Routine appointment ends in open heart surgery

When Colleen Dolan saw a doctor for knee pain, asthma, and a touch of indigestion, she did not expect to undergo open-heart surgery – she’s sharing her story to raise awareness of what heart disease can look like.

Colleen and her son, Zane

On the March 28 2018, Colleen Dolan went to the doctor. She mentioned her knee pain and that her asthma was getting worse.

He was measuring Colleen’s blood pressure and asked her, “Any other symptoms?”

“Just the pain across the left shoulder, maybe because I’m carrying heavy things,” she replied.

 The doctor then asked if she experienced pain down her arms.

“Yes, down my arm once.”

“Anything else?” asked the doctor.

“Oh yes, a little pain in the middle part of the ribs, I think it might be indigestion, and pain in the back of my throat sometimes.”

“Anything else?” asked the doctor again.

“When I’ve been making the bed, I’ve been getting lockjaw.”

Colleen was immediately sent to the nurse to have an electrocardiograph (ECG), which she thought was a bit over the top for asthma and indigestion. When the results came through, the doctor told her there was an issue with her heart, gave her aspirin and sent her straight to North Shore Hospital in an ambulance.

In hospital she was diagnosed with angina, but after two days she was discharged for the weekend – as she no longer had the symptoms. Her son, Zane Thompson, came to take her home. She was given nitro spray to use for temporary relief from angina symptoms and was told to come back to hospital if she had more than two angina attacks.

Colleen had five angina attacks over the course of the next day, but as they were far apart she decided not to call an ambulance. But, when she spoke to Zane on the phone that evening she mentioned the attacks, and he took her straight back into hospital.

An angiogram showed several blockages in the arteries around her heart.

“I had higher levels of Troponin which showed something was happening. I had three bad pains in the chest.”

Colleen was transferred to Auckland Hospital for coronary artery bypass grafting (CABG) surgery, which relieves angina symptoms by improving blood flow to the heart. She spent 11 days recovering in hospital.

“My haemoglobin levels were low, so trying to breathe, I was hyperventilating. They wanted to get everything back to normal so that I could breathe and be a lot better.”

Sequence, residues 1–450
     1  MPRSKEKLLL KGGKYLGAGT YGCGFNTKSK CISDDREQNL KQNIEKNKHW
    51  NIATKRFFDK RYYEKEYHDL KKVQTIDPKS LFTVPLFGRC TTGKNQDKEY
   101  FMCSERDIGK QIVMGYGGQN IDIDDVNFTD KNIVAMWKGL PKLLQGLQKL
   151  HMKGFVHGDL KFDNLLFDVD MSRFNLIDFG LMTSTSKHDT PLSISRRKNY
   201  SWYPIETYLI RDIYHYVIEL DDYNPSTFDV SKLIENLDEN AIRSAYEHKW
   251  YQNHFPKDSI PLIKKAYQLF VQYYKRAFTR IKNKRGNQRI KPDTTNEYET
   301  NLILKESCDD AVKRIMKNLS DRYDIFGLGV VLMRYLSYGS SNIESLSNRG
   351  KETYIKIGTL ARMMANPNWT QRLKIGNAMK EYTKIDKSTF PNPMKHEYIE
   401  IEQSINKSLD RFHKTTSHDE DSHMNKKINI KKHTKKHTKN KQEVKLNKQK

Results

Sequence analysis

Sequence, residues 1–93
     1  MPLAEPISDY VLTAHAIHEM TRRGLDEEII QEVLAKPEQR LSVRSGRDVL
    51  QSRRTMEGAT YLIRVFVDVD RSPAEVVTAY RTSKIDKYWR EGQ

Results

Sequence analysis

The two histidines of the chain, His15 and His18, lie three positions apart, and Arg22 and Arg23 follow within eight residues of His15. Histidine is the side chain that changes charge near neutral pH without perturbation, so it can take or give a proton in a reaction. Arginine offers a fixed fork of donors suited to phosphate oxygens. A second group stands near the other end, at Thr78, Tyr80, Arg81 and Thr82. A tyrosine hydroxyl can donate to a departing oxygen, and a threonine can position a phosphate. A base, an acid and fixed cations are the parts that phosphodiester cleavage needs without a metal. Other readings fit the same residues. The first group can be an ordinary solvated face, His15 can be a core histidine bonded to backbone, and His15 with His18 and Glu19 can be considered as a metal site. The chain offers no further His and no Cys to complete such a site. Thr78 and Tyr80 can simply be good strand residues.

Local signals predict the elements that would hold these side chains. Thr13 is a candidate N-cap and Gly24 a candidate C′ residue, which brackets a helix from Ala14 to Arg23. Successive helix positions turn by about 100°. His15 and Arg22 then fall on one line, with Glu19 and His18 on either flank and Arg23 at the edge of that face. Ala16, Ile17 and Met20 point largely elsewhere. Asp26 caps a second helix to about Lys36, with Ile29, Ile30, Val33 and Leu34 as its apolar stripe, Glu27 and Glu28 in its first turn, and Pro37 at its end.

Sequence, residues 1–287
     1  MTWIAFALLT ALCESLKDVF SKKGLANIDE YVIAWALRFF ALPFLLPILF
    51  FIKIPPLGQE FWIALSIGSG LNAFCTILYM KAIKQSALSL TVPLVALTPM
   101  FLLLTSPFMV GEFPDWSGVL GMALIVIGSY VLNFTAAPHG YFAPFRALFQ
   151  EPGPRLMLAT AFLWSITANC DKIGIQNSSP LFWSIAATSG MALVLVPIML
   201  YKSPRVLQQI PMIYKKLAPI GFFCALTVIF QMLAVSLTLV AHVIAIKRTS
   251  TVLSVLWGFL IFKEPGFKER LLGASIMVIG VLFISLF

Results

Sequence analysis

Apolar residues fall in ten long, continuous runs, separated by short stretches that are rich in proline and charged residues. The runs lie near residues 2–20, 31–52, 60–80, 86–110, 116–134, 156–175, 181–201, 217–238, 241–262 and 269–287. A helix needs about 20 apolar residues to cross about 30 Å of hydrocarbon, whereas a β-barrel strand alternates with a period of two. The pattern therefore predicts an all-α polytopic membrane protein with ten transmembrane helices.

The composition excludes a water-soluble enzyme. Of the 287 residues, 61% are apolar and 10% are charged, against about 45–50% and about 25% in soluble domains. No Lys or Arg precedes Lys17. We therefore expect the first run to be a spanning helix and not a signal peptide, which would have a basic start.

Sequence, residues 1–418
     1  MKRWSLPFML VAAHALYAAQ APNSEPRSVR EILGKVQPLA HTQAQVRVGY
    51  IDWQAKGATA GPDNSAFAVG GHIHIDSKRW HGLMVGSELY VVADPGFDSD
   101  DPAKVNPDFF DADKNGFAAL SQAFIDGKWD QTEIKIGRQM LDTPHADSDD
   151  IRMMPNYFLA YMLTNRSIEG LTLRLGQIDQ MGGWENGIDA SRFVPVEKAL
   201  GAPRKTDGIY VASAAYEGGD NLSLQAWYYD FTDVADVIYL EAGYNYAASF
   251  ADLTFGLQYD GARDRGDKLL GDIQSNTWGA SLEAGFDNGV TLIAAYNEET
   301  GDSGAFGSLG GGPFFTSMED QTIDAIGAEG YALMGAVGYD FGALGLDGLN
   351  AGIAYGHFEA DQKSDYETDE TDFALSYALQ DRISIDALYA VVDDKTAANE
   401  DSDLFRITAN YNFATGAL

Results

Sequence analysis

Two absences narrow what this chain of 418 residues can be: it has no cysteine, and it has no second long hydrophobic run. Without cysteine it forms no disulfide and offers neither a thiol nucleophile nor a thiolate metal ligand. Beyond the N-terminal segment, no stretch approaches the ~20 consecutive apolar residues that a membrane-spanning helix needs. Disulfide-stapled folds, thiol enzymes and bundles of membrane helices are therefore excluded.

Colleen says her care at both North Shore Hospital and Auckland Hospital was wonderful, from the cardiologists and nurses to the catering staff who deliver coffee and tea. 

Colleen takes medication to support her heart, including a daily aspirin and Omeprazol to protect her stomach lining from the acidity of the aspirin.

Road to recovery

When Colleen was discharged from hospital, she received information booklets about recovery following heart surgery, and also attended cardiac rehabilitation classes.

Zane came over every day for three weeks, to help Colleen as she regained her strength and independence. He kept her house clean and delivered heart-healthy groceries.

“I cut down on sugar and carbohydrates – half a plate of vegetables, quarter of meat and a quarter of carbohydrates. All the vegetables taste lovely now.”

Her next-door neighbours checked in on Colleen and brought her meals during her recovery, and friends ring every morning to see how she is, which she says helps keep her spirits up.

Once Colleen was feeling strong enough, she started doing exercises in her lounge while watching television as well as taking Siobhan – her Chihuahua/Jack Russell cross –  for walks.

“That took me a while because I was wary of going too far from the house. Now I take Siobhan for walks every day.”

Colleen says she has fully embraced a new heart-healthy lifestyle and is sharing her knowledge with others to inspire them to make healthier lifestyle choices.

“My nephew is on a treadmill machine now, and my grandniece is on a fitness programme. The next- door neighbour took off six kilos. My friends are now looking at their eating, because they never thought I’d be the first to go. When I go in to my old work – I used to take in creamy and chocolatey cakes – but now it’ll be blueberries, mangoes or avocados.”

Heart Foundation connections

Colleen has also been a long time, regular supporter of the Heart Foundation since her father had heart problems – via the Heart Foundation Lottery.

“I buy three tickets each time. You feel good that it’s gone to someone lovely, and you’re contributing to a lovely cause that is helping everyone.”

Colleen had seen the Heart Foundation Heart Attack Awareness television campaign before her heart event.

“After having my symptoms, I thought, ‘We need to be more aware that they’re really subtle these things’. They’re sore and painful when they happen, but they’re subtle enough to think, ‘They might be asthma or reflux or indigestion’.”